Learning to Lead: Henry County kids part of student cabinet | News … – Martinsville Bulletin


MARTINSVILLE – For the past four years, kids in Henry County Public Schools have helped govern themselves.

Recommended by administrators at Fieldale-Collinsville Middle School, Laurel Park Middle School, Bassett High School and Magna Vista High School, four representatives from each institution make up Superintendent Dr. Jared Cotton’s 16-member student cabinet.

A unique facet of the operations of HCPS, the cabinet meets quarterly at the central office, located in the Henry County Administration Building.

“They offer feedback on the budget and other issues that impact students,” Monica Hatchett, HCPS director of communications and organizational learning, said.

Students discuss several topics at the cabinet meetings, ranging from the equity of course offerings to school lunches to technology in the classroom.

“Students are our most important customers,” Dr. Cotton said. “I put a lot of stock into what they’re telling me.”

While they’re not in charge of the school system and don’t directly make the decisions, the student cabinet’s influence does help administrators make necessary adjustments to help students attain the most out of their educational experience.

“Cabinet members offer anecdotal feedback and suggestions, which impacts decisions that Dr. Cotton makes on items that directly affect students,” Hatchett said.

“Their influence has really made a difference,” Dr. Cotton said.

At each meeting, which typically lasts about an hour, students tackle one or two issues that they find important.

They discuss matters on amicable terms, agreeing to four core values of the student cabinet. First, students promise to be candid and honest. They also agree to be open-minded. Each member must respect the opinion of others. All students on the cabinet also agree to contribute to the meeting by sharing their ideas.

Sadie Perry, a seventh grader at FCMS, said she enjoys being on the cabinet.

“The fact that I can be honest and am listened to means a lot to me,” Perry said. “The four of us from FC come at things from four different perspectives and I hope that we can make a difference for all students in our school. We work well together.”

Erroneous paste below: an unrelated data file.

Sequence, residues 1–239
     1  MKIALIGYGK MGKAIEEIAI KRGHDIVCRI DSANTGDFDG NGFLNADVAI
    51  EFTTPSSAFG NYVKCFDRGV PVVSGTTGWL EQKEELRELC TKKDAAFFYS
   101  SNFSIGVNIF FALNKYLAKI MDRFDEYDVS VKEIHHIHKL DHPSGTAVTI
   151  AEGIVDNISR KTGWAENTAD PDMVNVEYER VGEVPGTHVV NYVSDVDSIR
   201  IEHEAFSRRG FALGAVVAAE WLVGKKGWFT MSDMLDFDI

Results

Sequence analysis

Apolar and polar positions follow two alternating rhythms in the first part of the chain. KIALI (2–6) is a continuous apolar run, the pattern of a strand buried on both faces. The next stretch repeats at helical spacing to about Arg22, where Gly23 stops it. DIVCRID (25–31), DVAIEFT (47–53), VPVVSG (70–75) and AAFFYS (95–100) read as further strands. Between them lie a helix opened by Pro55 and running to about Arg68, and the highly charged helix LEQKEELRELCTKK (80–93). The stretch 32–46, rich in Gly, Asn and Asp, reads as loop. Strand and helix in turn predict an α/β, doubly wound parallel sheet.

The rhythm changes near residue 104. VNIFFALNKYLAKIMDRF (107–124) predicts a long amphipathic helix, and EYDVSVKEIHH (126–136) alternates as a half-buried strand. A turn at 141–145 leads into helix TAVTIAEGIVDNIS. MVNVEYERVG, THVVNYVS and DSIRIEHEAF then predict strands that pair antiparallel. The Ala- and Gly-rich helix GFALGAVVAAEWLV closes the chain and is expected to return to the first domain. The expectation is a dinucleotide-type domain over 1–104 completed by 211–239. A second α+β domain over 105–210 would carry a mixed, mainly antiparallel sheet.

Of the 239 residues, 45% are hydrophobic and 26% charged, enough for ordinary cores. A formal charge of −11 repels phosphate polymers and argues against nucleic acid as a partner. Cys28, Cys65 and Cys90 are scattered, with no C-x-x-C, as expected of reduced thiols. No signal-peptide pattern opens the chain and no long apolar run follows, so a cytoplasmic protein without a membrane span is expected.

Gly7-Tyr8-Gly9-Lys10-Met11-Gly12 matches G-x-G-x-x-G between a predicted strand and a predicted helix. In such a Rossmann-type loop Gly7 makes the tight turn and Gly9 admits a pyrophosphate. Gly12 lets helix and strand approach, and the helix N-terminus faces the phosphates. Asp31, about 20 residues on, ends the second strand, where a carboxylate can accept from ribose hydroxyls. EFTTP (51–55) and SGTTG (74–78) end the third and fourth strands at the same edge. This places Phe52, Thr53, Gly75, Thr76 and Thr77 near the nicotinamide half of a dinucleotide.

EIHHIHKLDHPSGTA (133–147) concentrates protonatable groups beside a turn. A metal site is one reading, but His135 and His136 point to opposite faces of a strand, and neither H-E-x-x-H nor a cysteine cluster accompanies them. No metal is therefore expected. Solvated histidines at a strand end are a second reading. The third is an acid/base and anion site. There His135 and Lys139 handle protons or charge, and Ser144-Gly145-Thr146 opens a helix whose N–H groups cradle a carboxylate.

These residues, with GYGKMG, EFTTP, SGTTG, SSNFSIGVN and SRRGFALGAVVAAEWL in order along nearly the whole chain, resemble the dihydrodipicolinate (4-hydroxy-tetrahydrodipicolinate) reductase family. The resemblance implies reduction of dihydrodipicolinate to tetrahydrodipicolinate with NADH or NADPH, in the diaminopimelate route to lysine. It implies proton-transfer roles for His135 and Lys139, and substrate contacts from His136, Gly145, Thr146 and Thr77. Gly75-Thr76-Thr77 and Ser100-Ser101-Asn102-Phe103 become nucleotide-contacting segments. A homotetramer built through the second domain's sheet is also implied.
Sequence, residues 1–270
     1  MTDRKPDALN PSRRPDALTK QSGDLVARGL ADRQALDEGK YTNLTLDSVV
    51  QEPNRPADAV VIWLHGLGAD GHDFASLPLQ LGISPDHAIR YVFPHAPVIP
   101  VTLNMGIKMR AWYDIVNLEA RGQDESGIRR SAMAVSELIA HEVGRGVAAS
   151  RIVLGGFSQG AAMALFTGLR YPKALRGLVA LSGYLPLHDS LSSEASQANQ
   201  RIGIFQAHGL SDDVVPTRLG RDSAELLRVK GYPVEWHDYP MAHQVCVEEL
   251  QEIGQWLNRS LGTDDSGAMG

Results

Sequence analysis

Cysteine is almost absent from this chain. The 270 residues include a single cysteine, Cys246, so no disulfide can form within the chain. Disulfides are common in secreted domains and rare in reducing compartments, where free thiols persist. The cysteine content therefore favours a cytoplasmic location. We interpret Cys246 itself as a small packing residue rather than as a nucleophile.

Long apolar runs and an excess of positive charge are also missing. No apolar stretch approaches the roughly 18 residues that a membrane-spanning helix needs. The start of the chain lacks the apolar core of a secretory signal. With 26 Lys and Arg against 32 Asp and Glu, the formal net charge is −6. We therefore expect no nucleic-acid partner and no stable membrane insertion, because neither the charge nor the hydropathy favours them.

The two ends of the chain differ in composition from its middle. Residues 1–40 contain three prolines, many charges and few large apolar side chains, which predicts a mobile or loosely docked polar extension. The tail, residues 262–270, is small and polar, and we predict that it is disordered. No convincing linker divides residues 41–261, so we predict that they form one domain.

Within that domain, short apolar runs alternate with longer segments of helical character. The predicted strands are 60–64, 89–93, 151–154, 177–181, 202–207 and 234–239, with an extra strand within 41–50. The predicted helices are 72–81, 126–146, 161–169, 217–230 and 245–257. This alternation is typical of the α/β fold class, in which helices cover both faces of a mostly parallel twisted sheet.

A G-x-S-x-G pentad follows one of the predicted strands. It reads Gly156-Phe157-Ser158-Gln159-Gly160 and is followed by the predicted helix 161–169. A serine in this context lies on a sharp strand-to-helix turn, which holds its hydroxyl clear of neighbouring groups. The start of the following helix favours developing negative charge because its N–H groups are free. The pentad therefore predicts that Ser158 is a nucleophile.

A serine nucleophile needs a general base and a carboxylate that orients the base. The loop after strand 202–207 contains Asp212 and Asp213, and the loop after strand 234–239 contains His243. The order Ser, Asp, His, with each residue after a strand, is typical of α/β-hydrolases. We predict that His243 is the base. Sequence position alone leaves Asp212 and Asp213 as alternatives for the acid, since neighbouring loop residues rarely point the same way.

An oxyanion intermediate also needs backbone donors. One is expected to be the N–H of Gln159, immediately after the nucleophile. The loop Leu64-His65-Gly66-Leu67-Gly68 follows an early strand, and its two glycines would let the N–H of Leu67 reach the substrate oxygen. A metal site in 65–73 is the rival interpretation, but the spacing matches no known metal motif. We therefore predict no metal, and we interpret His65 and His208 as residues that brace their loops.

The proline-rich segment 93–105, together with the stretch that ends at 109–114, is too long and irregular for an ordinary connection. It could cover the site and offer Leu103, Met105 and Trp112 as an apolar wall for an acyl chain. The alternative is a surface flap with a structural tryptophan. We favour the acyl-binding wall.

In January, the first meeting of the new semester, cabinet members considered budget priorities.

Among the top five budgetary items they felt took precedence, students voted for increasing funding for education and recreation, increasing funding for capital outlay for schools, additional days for instructional technology resource teachers, athletic trainers for sporting events and funding for college guides.

Students also stressed the importance of adjusting long-term substitute rates for teachers offered a full-time job and ensuring proper athletic and musical equipment on the secondary level.

While there are ways for students to connect with Dr. Cotton, like sending suggestions, comments or concerns to “Let’s Talk,” the school system’s anonymous feedback forum, and an annual student survey completed by fifth, eighth and 12th graders, the student cabinet helps the administration put faces and names with the students their decisions impact.

Promoting self-confidence in its members, the student cabinet could have a lasting effect in the up-and-coming leaders of the Martinsville-Henry County area.

“I’m not sure what kind of leader I am, but I feel like it’s helped me find out that I can tackle any responsibility with other students who are my age and older,” Perry said.


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